Key message 4. Legislation and the speed of innovation – The current regulatory environment (particularly in Europe) is now genuinely hindering investment in R&D and farming, primarily through escalating costs/timelines for registration/implementation.  This is causing money to seep elsewhere and depletes the incentive for companies to invest in developments, knowledge transfer and training in European farming since innovative technologies come to market very slowly. There was a strong call for legislation to be enabling and scientifically robust. There was a lack of public support for R&D in general and for applied research in particular, with a worrying lack of appreciation of the long term significance for food security and the competitiveness of our research in a global marketplace.

Key message 5. Water, energy and resource use – Efficient use of water and energy is key for sustainable farming. This includes precision farming solutions as well as effective integrated solutions i.e. the use of solar panels, windmills, human organic matter etc. Options for innovation and technology improvements included closed application systems (also better for reduced pollution), use of application robots as part of precision forming developments and closed loop systems for better resource use, but these will need more enabling and intelligent regulation.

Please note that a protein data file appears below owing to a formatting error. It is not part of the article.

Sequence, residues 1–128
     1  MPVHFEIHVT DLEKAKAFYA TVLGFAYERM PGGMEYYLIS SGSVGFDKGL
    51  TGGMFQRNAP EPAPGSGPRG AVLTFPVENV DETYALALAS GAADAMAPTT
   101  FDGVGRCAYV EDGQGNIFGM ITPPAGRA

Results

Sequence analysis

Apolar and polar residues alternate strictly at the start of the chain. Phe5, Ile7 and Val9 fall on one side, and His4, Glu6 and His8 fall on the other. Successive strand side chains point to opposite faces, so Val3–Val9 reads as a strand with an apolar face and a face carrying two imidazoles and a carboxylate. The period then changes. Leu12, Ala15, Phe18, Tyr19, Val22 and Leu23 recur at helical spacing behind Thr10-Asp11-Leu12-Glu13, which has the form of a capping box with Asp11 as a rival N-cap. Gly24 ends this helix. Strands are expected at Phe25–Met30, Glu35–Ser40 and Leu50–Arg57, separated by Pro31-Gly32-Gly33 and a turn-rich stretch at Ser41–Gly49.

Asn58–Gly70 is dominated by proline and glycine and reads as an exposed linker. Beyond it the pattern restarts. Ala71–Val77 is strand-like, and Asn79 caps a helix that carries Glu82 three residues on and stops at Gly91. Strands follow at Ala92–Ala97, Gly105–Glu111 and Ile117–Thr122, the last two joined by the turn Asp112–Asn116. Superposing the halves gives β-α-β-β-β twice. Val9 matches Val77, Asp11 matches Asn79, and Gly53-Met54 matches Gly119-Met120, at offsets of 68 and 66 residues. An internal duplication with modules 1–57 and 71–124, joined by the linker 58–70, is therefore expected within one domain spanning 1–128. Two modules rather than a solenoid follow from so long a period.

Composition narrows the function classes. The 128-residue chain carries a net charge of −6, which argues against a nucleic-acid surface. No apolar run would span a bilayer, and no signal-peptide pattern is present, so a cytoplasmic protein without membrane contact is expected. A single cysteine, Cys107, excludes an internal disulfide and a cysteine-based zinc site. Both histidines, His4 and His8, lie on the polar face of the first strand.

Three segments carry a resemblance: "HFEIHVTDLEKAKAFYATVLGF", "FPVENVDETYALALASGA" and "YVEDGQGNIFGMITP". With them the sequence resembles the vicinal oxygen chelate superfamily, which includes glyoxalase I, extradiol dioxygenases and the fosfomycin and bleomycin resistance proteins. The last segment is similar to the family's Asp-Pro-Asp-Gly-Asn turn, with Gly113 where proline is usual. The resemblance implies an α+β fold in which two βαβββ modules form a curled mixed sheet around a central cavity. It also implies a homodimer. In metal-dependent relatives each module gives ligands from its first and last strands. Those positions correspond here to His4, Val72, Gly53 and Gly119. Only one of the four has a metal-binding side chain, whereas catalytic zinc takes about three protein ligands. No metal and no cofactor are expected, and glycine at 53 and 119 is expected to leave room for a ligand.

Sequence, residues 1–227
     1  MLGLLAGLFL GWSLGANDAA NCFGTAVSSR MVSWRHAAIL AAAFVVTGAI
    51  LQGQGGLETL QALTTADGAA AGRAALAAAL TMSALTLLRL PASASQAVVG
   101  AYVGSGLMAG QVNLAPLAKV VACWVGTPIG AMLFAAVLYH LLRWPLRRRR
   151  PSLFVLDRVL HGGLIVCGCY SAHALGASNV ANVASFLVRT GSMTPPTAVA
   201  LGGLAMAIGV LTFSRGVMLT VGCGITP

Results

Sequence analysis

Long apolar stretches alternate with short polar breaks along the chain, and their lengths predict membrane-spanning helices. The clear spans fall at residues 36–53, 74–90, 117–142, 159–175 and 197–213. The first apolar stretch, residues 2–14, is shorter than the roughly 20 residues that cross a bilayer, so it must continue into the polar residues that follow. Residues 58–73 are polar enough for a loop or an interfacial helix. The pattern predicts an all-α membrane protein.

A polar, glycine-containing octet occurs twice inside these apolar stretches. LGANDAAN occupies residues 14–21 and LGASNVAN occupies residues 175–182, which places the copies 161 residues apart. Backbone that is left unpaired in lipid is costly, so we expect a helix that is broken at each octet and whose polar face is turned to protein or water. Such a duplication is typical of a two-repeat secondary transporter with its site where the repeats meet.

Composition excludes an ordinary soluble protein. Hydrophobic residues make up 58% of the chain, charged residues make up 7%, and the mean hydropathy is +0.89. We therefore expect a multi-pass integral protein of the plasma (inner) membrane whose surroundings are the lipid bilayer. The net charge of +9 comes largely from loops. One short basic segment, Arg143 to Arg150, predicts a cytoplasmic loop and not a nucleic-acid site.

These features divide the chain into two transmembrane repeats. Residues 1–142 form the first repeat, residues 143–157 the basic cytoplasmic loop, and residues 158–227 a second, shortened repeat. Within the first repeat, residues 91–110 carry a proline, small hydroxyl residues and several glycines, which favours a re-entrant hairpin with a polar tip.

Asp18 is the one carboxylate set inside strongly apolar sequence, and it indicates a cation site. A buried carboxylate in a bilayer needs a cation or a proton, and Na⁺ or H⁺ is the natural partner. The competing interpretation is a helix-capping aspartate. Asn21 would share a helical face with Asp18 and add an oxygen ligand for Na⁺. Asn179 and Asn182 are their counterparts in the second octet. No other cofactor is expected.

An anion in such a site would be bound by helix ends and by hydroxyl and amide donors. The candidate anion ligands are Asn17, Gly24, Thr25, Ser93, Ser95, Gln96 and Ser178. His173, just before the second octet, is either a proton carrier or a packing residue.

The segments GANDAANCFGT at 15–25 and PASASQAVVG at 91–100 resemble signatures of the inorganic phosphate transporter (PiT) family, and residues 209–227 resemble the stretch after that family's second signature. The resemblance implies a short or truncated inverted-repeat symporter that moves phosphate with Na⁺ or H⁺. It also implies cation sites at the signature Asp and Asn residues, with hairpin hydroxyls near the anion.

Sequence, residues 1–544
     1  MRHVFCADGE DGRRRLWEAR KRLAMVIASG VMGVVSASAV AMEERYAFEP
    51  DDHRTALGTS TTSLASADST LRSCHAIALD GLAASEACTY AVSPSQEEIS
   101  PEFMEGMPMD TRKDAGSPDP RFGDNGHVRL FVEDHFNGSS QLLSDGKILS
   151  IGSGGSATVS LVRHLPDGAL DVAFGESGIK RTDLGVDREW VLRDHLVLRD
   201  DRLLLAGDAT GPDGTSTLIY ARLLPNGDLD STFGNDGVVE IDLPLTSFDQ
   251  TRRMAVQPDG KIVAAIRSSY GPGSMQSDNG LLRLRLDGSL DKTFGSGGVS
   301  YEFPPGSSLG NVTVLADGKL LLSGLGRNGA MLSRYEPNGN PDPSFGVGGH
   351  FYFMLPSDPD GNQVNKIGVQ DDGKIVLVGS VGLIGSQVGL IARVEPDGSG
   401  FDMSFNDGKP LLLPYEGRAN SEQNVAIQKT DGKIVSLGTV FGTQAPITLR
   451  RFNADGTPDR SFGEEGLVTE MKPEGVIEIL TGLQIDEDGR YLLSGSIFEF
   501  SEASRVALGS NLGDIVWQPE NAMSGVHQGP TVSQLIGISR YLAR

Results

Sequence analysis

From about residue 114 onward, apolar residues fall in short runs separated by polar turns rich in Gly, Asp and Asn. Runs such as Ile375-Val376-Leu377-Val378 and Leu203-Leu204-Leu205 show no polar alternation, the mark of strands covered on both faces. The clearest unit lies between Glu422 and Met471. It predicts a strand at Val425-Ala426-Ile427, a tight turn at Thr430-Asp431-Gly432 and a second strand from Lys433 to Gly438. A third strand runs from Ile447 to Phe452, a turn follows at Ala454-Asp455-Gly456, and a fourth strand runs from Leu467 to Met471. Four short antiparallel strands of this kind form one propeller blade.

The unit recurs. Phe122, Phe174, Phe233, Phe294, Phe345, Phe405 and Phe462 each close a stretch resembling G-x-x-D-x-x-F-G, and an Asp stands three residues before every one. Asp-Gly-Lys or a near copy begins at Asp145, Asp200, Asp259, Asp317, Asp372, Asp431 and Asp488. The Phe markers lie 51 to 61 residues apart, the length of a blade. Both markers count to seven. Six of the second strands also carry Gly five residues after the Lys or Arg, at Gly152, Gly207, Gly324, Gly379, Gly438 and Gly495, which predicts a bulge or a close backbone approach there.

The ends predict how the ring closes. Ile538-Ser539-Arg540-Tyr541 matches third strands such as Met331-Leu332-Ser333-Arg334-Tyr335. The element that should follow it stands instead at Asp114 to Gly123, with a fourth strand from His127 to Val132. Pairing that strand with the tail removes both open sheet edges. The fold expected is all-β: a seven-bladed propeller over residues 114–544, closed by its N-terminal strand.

Key message 6. Soils – Combining the best of modern technology and innovation with the best of traditional management methods through the adoption of Integrated Farm Management, were key elements coming through many of the discussions: the importance of soil management and soil health, especially for water holding capacity and management, and looking to more use of organic matter again to replace nutrients as well as improve soil health.

Key message 7. Education and communication with the public/ along the supply chain – ‘Intensification’ is a term that should be avoided as it suggests increased yields at all costs: how can this perception be changed? Landscape and ecosystems approaches mean more tailored production to the location and media interest can support this understanding, with opportunities to build on Countryfile type programmes. The National Curriculum is being re-written, so there is an opportunity to influence this, with more emphasis on getting children to connect food with the environment and farming, and encouraging more regular school farm visits (Open Farm Sunday is an effective way of encouraging these connections and we should look to strengthen this work). Options for innovation and technology developments included exploring and exploiting the potential of mobile phone ‘apps’ and interactive games to engage younger age groups.